Characterization by UV-vis spectrometry was considered as a preliminary analysis to show a synthesis of nanoparticles.
The reduction of the precursor agent upon exposure to the extracts in the mentioned solvents is followed by characterization by UV-vis spectrophotometry, the spectra of which are shown in Figure 2.
The results indicate the presence of the RPS peak at 390.4 and 391.2 nm for FeO NP syntheses using 96% alcoholic and absolute ethanolic solvent extracts respectively, typical for this type of nanostructure. There is also evidence of a difference between the bandwidths and the absorbance, the FeO NP sample obtained with an extract in absolute ethanolic solvent being predominant, which shows a higher production of nanostructures, but at the same time a high polydispersity of sizes. These results certify the visual perception of the color change of the solution from light brown to black and describe the formation of FeO NP using M. indica extract, this being consistent with the UV-vis spectra of the nanoparticles under study.
Evaluating the stability over time is an important factor to identify the viability of the synthesis of nanostructures.
In Figure 3a,b, spectra are presented as a result of the sequential evaluation from day 1 of the synthesis to day 39 of the FeO NP. The results suggest a good behavior in the projection of the RPS peak on the axis wavelength, which leads us to consider that it is highly stable in both extracts, but with a slight improvement by the alcoholic solvent 96%. However, there is dynamic activity in the absorbances since the values increase compared to the first day, which means that there is a process of formation of more nanoparticles, possibly due to the fact that the green synthesis methodology does not usually have a total reduction efficiency of the precursor, which generates a greater production of nanostructures and therefore an increase in absorbance. For this case, Figure 3b shows a higher absorbance value.
Polyphenols are generally believed to be responsible for the synthesis and stabilization of iron oxide nanoparticles and are produced by complexing with the Fe salt and simultaneous reduction of Fe (III) with oxidized polyphenols [34].

3.2. Fourier Transform Infrared Spectroscopy—FTIR

Functional groups play a very important role in green synthesis. Therefore, to identify the involvement of these functional groups, the FTIR analysis was carried out before and after the synthesis of FeO NP using M. indica extract with the solvents under study.
The FTIR spectra of the synthesized FeO NP using extracts in 96% alcoholic solvent and absolute ethanolic are shown in Figure 4. The samples show peaks in highly coincident ranges with values between 3371 and 3387 cm−1 which evidence the presence of OH stretching and aromatic and aliphatic CH respectively, 1697–1726 cm−1 corresponding to the stretching vibrations of the C=C and C=O bonds respectively. Likewise, there is a fairly noticeable peak in both samples at 1352 and 1382 cm−1, which is linked to the presence of calcium phosphates and CO and C=O groups, which can be evidenced in the characterization by EDX. The aforementioned peaks disappear when analyzing the FeO NP samples, which would allow us to approximate the mechanism of formation of nanostructures and specifically associated with the functional groups C=C and C=O that derive from water-soluble compounds such as flavonoids, terpenoids considered protective ligands of NPs [35,36]. Mango, being a fruit of tropical climate, has a quantity of these compounds including others such as flavonoids, gallates, benzophenones, and derivatives of gallic acid [37]. The peaks at 788 and 796 cm−1 are associated with the vibration of the FeO NP.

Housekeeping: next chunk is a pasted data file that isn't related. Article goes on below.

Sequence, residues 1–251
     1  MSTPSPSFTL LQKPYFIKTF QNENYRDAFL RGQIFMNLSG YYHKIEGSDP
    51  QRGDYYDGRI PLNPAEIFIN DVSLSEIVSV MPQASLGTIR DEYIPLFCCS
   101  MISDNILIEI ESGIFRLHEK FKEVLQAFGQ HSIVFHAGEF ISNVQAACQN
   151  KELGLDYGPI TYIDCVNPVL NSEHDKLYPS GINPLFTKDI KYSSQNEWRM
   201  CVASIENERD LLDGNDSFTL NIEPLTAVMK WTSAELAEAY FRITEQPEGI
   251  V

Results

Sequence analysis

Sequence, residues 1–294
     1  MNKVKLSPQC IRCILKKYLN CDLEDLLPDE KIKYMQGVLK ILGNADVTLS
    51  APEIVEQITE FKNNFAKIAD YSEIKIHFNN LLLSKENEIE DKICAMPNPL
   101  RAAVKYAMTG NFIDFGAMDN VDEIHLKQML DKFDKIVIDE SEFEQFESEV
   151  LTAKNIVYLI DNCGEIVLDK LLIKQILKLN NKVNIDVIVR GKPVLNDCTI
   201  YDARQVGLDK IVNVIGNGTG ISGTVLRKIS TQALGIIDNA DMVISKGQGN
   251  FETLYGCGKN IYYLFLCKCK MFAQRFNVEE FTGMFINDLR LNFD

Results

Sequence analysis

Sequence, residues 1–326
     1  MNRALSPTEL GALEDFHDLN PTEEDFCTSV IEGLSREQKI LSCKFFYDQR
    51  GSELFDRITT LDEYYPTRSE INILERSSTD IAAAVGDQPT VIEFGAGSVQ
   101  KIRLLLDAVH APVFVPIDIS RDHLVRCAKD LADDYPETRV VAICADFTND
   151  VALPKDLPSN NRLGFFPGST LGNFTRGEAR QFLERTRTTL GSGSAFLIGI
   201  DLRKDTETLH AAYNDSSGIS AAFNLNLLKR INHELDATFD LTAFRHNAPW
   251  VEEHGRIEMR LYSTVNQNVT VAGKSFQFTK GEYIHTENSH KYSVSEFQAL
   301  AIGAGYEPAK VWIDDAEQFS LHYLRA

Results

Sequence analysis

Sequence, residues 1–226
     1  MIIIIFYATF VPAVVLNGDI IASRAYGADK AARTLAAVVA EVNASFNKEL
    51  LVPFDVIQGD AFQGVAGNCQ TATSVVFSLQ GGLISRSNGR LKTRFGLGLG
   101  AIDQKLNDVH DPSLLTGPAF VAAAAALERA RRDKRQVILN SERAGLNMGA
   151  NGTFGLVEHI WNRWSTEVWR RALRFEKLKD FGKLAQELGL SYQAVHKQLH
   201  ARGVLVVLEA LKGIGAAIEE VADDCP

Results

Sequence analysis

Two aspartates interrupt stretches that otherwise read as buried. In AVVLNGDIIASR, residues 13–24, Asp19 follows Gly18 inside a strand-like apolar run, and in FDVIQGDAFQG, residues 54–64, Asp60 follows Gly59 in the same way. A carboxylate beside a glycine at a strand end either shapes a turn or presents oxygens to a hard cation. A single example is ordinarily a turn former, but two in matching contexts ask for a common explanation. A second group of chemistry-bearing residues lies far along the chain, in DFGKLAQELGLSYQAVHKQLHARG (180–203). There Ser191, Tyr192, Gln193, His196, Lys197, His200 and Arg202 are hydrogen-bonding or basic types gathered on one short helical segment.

3.3. X-ray Diffraction—XRD

The X-Ray Diffraction (XRD) method was used to investigate the material structure of the iron nanoparticles. Characterizations were obtained for both synthesis conditions, which are shown in Figure 5. The diffractogram shows in both cases strong peaks in the 2θ region at 35.6°, 54.2°, 63.1° that are linked to the planes (311), (422), (440). These peaks are indexed to the magnetite (Fe3O4) magnetic phases with a slight contribution from the maghemite phase (γFe2O3). Our results are analogous to previous studies that address the green synthesis of FeO NP [2,38,39].
The average crystallite sizes calculated from the FeO NP using the full width at half maximum intensity (FWHM) of the dominant peak in combination with the Debye-Scherrer equation were 3.95 and 2.93 nm, for the FeO NP cases synthesized with extract in absolute ethanolic solvent and alcoholic 96% respectively, which follow the same trend of the estimated sizes determined by STEM.

3.4. Elemental Composition